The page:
As I’ve described, my first reaction, when I got the call from my doctor that day, was to pray. I didn’t know what to say to God, so I prayed the Serenity Prayer,

God, grant me the serenity to accept the things I cannot change, courage to change the things I can, and wisdom to know the difference. Not my will, but Thine, be done.

I then asked His blessing on my doctor and his staff, for His guidance, and for Him to give my family strength. Then, I asked him to cure me, if it was His will.

Then, over the course of the year, I did what I was told, and went through the treatments I’ve described in these pages.

So I share that faith with others on the Facebook groups, and elsewhere. I can only hope that it does for them what it did for me.

So now, in remission, I know I have Him to thank for my life, and my sanity.

Today, I ask Him for the wisdom to trust Him more, in all areas of my life.  I could go on about how things in my life are different now, and I probably will, but suffice it to say that none of those things could do with less of God’s help.

Thank you, God. Oh, for faith to trust You more!

Day 124 – Changes in Latitudes, Changes in Attitudes

Well, I just passed 4 months since my bone marrow transplant, and things are going well. I am officially still in remission, and I’m not showing any overt signs of GVHD. The plan now is to wean me off of Prograf over the next couple of months, so I admit we may start seeing GVHD for the first time. But we will deal with that when we see it.

But the main thing right now in my recovery has to do with changes in my emotional state. For about the last month I’ve been at the mercy of swings in my emotions. It started out as what I thought might be a slide into clinical depression, which didn’t really worry me, since I know that’s as treatable a condition as any I’ve had.

But when I talked to my PA, she told me that it wasn’t unusual for leukemia patients, especially survivors, to suffer from Post Traumatic Stress Disorder, or PTSD. For those who don’t know, PTSD is, in a sense, a reaction to things that remind patients of previous stressful times and events. It’s most prevalent among returning soldiers, but we who survive a medical disorder can also show it.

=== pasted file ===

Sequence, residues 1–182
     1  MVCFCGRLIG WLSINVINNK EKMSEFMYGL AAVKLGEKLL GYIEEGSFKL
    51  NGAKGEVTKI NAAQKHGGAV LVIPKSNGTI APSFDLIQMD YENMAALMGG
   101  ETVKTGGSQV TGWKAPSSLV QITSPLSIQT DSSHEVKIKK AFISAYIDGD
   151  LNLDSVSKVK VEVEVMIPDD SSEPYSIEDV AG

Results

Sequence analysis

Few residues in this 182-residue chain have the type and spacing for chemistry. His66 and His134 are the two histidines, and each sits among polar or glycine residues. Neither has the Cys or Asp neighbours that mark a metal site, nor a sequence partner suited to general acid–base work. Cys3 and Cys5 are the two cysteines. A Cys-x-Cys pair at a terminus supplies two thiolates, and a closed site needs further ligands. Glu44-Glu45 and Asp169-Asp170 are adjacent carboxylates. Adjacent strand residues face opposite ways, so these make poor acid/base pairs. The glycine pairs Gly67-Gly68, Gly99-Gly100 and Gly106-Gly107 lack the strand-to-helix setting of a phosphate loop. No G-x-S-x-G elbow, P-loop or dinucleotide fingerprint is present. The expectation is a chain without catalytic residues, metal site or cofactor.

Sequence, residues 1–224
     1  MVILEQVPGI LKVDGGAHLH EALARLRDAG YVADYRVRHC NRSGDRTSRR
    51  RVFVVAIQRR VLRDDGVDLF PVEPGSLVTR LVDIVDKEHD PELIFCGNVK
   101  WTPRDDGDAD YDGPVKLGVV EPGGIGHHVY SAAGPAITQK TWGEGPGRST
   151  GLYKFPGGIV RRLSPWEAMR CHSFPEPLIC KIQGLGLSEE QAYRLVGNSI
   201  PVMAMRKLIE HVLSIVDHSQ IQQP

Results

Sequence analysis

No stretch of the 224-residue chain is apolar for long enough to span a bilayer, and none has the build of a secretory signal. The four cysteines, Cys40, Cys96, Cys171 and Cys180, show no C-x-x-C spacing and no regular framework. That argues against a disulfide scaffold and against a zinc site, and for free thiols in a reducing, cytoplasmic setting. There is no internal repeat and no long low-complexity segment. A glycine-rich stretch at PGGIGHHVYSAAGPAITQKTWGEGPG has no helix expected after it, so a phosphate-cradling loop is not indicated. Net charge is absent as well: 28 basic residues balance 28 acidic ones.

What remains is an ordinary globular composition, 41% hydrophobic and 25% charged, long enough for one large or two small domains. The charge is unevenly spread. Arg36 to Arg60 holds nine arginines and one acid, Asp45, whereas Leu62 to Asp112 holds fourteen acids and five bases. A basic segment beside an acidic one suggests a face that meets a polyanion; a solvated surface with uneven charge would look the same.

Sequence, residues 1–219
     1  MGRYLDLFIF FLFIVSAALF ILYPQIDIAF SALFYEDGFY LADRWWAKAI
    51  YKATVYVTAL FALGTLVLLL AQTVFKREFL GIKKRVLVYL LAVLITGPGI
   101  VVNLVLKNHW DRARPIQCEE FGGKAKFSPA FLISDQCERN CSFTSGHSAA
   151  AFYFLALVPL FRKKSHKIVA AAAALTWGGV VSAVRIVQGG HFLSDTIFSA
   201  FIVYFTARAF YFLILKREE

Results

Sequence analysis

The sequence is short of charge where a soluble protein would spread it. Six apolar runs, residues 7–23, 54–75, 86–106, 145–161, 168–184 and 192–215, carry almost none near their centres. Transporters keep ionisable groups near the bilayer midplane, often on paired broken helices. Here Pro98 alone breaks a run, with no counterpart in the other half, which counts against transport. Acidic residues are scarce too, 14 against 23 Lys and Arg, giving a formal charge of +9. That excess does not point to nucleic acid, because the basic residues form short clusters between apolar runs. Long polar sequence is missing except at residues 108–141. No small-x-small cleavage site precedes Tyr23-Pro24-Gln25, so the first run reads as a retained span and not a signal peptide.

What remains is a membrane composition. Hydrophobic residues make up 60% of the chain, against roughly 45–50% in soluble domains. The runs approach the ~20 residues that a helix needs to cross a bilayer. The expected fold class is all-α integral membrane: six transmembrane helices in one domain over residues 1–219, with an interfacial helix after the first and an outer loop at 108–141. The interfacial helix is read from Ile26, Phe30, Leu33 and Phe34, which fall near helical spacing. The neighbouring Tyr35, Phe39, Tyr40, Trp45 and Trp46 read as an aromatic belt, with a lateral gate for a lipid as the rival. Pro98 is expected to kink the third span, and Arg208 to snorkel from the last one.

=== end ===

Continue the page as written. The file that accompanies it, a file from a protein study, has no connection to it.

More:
For me, it happens when I’m reminded of how blessed I am to have survived, when others haven’t, or when I’m reminded of how I felt during treatment. It also happens when I hear about how others have suffered, especially when it was something that I didn’t go through.

It also can happen when I hear about things unrelated to leukemia. One poignant example happened Friday, when the wife of an acquaintance of mine, Chris Maynard, suffered a severe, and eventually fatal, stroke. Memories flooded back, of my mother passing away when I was 15, and I slipped into a bit of a funk. Fortunately I recognized it, and I talked about with Vicki, and prayed about it.

Prayer, and sharing my feelings, have made things better. As a typical American male, I’ve not done that a lot in my life, but I’ve learned. And I know this is something I need to treat, as much as I treat other symptoms of my illness. I will be sure to share more as I go on.

In the meantime, please remember Chris, his wife Ann, and their children in your prayers. These will be tough times for them. As much as your thoughts and prayers have made the difference for me, they will for him, too.

Day 99

 I’m posting today since tomorrow I’ll have my sixth bone marrow biopsy, and I can’t guarantee I’ll feel like it then . . .